When you open a port, the SerialPort class fires up a new thread under the hood which is responsible (via the WaitCommEvent Windows API function) for waiting for serial port activity (e.g. data arrived) and firing the appropriate events to your handlers. That's why events like DataReceived actually occur on a secondary thread.
When you close the port, the Close() call returns immediately but it takes some time for the secondary thread to spin down.
If you attempt to re-open the port too quickly after calling Close, and the thread hasn't yet spun down, then the SerialPort instance is not in a state where it can begin a new connection.
Note the MSDN documentation for SerialPort.Close states:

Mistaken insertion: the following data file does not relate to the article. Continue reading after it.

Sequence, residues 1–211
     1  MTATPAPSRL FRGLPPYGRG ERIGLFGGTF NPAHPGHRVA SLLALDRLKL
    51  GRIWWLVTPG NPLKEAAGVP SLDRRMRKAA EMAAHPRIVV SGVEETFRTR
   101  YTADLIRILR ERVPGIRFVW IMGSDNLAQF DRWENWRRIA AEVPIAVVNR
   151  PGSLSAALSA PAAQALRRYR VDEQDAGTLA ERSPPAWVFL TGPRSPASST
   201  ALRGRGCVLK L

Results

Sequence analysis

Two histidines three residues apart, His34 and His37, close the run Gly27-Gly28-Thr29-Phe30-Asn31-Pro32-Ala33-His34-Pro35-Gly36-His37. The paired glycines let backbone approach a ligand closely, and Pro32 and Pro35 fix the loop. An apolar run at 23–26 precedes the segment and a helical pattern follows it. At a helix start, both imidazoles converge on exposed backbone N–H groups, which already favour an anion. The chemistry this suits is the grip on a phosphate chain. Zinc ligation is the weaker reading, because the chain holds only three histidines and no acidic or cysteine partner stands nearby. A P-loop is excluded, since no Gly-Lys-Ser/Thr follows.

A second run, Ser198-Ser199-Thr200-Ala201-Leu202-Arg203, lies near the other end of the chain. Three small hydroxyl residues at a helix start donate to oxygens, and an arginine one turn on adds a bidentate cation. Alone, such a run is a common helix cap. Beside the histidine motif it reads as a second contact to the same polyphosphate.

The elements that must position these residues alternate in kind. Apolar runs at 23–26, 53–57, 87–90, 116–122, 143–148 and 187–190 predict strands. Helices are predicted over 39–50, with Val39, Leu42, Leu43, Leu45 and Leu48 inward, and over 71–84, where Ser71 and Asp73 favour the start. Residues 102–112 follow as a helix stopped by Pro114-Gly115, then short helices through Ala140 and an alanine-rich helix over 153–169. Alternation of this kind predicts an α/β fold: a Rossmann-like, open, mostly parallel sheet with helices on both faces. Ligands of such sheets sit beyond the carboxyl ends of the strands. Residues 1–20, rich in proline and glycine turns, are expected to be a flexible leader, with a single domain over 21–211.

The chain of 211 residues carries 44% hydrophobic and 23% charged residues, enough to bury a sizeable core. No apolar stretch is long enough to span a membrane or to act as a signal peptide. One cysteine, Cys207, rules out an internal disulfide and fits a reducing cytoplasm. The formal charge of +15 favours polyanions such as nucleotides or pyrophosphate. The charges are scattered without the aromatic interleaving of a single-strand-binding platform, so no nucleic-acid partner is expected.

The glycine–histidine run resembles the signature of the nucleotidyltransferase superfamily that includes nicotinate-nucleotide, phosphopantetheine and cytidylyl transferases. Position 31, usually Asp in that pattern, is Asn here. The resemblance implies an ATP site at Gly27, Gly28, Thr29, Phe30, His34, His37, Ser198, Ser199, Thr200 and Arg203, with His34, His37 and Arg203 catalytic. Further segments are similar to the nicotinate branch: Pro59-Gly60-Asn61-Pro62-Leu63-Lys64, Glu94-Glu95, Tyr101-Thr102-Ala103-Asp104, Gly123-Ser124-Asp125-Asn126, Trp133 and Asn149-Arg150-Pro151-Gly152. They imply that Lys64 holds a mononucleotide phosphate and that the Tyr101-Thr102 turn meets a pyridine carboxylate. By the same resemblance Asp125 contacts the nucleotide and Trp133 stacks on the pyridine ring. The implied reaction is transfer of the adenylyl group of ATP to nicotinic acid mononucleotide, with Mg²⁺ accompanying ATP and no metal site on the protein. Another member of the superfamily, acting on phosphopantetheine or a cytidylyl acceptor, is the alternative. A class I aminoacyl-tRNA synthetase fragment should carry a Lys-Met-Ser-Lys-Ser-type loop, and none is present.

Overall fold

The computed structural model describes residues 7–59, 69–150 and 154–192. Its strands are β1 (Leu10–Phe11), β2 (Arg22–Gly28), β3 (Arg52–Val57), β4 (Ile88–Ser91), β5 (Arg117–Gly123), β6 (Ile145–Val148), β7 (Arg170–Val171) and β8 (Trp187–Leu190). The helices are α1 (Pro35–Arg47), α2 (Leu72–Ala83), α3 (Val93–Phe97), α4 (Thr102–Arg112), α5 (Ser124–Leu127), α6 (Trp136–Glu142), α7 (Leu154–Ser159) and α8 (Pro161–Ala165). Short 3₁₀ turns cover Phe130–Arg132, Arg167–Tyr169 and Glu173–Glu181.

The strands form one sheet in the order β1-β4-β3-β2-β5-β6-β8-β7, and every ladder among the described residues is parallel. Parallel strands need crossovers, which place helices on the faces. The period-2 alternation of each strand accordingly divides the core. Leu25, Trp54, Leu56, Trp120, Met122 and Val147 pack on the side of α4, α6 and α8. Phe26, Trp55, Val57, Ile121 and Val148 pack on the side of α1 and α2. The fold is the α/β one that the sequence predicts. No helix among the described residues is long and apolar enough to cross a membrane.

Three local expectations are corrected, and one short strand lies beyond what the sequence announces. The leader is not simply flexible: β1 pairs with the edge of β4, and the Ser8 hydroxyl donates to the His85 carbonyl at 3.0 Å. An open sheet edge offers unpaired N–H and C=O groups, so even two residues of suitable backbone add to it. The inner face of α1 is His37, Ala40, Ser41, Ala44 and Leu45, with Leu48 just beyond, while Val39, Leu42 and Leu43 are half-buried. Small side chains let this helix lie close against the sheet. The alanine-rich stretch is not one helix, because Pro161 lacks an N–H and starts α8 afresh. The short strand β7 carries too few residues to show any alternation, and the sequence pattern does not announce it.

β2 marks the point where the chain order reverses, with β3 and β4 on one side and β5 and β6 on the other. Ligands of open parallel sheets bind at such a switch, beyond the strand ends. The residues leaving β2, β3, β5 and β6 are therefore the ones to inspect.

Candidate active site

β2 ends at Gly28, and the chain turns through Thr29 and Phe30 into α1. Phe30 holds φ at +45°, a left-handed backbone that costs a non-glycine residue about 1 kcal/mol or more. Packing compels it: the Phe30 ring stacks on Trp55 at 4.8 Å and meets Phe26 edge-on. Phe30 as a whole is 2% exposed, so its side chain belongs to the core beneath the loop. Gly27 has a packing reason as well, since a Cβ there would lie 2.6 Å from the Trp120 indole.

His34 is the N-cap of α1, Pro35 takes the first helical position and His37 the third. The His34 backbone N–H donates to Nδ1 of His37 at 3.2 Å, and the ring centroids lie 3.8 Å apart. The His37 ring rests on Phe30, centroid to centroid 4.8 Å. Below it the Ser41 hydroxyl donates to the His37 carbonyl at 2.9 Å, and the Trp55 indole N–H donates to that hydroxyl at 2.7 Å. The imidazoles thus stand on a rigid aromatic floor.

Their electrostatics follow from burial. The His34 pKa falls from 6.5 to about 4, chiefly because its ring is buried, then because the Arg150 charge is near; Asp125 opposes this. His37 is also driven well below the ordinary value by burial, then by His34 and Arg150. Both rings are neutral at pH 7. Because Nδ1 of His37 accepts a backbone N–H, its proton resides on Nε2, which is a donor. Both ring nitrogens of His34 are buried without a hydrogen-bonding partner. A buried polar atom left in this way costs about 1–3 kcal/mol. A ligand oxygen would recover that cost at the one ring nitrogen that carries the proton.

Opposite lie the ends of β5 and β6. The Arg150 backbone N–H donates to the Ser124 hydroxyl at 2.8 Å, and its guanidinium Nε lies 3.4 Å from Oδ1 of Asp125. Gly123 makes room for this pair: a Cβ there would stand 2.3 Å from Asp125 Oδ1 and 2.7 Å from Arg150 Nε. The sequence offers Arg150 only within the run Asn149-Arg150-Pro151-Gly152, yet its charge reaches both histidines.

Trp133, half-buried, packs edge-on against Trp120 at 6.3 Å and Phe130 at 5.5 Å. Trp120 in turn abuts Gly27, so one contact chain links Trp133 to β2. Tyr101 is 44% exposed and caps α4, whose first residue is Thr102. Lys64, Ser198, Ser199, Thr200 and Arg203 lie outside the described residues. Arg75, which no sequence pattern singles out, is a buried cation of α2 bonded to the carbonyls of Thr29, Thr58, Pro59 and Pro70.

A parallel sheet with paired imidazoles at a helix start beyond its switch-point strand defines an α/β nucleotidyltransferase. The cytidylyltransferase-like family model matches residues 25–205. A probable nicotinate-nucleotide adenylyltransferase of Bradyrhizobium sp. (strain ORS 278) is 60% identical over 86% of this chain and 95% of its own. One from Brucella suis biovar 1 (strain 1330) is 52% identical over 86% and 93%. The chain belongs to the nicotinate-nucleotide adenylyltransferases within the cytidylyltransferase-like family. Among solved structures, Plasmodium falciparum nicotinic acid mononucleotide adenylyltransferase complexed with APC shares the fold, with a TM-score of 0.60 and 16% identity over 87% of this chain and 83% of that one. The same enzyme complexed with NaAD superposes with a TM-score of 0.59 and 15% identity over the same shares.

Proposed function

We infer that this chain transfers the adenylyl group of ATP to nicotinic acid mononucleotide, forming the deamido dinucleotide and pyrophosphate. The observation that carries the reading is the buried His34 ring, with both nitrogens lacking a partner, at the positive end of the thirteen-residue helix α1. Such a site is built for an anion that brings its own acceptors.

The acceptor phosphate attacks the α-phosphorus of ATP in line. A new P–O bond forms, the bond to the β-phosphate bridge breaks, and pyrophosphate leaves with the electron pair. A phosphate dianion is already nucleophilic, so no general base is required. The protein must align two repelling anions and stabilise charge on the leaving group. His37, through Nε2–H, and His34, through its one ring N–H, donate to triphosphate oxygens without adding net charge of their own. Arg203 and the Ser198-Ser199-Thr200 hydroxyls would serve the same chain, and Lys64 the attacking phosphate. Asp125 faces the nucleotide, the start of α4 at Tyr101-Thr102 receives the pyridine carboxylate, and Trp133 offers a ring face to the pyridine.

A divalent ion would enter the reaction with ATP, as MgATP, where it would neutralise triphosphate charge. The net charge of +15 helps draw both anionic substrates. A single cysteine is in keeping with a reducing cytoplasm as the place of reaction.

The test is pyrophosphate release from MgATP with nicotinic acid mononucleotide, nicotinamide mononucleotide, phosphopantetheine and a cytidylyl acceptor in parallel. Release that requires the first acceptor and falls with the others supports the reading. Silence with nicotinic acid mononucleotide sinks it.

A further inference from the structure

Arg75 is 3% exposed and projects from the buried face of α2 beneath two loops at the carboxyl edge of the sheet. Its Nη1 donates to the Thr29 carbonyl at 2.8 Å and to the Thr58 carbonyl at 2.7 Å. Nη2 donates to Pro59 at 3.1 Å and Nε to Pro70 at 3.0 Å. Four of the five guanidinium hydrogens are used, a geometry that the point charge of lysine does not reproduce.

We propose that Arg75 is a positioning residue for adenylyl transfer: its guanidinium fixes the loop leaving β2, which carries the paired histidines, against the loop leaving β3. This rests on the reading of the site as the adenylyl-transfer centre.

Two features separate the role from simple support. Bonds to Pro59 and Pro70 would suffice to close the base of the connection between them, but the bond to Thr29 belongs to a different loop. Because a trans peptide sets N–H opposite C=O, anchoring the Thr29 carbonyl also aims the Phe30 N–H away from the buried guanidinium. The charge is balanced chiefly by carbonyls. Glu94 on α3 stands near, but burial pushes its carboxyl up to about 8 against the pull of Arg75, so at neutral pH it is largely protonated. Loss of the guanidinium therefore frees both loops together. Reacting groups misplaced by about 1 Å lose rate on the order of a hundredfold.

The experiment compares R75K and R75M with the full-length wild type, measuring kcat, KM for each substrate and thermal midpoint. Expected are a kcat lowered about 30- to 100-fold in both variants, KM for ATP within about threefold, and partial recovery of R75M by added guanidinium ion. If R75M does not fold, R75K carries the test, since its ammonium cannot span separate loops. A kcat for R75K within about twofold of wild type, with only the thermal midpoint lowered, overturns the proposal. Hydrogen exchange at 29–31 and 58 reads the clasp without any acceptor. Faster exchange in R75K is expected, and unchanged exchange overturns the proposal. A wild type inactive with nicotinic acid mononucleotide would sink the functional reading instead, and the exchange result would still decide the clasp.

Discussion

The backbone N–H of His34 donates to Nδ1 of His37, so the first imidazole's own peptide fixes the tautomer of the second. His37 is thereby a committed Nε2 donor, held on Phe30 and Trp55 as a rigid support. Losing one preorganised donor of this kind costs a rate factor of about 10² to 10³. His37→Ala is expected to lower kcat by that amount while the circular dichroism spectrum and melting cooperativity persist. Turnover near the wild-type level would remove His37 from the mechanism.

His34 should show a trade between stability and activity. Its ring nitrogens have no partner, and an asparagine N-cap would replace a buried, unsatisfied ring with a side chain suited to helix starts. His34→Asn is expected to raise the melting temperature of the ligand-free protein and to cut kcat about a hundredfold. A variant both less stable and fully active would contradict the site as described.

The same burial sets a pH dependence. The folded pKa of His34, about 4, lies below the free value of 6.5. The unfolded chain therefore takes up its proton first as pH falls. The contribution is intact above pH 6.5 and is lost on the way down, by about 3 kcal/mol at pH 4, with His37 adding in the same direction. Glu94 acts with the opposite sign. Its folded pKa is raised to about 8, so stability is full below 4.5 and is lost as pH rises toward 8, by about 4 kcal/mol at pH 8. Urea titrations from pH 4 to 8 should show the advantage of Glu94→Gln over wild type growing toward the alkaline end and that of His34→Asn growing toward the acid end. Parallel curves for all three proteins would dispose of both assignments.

The best practice for any application is to wait for some amount of
time after calling the Close method before attempting to call the Open
method, as the port may not be closed instantly.
You could keep track of when you closed the port, and before opening it again make sure some arbitrary timeout has elapsed.
No need to sleep before reads / writes, although a few quirks to keep in mind:
Keep in mind the SerialPort class in the .NET BCL still relies on the underlying Win32 API, and I don't think it's gotten a lot of love from Microsoft since the initial implementation.
For more information see: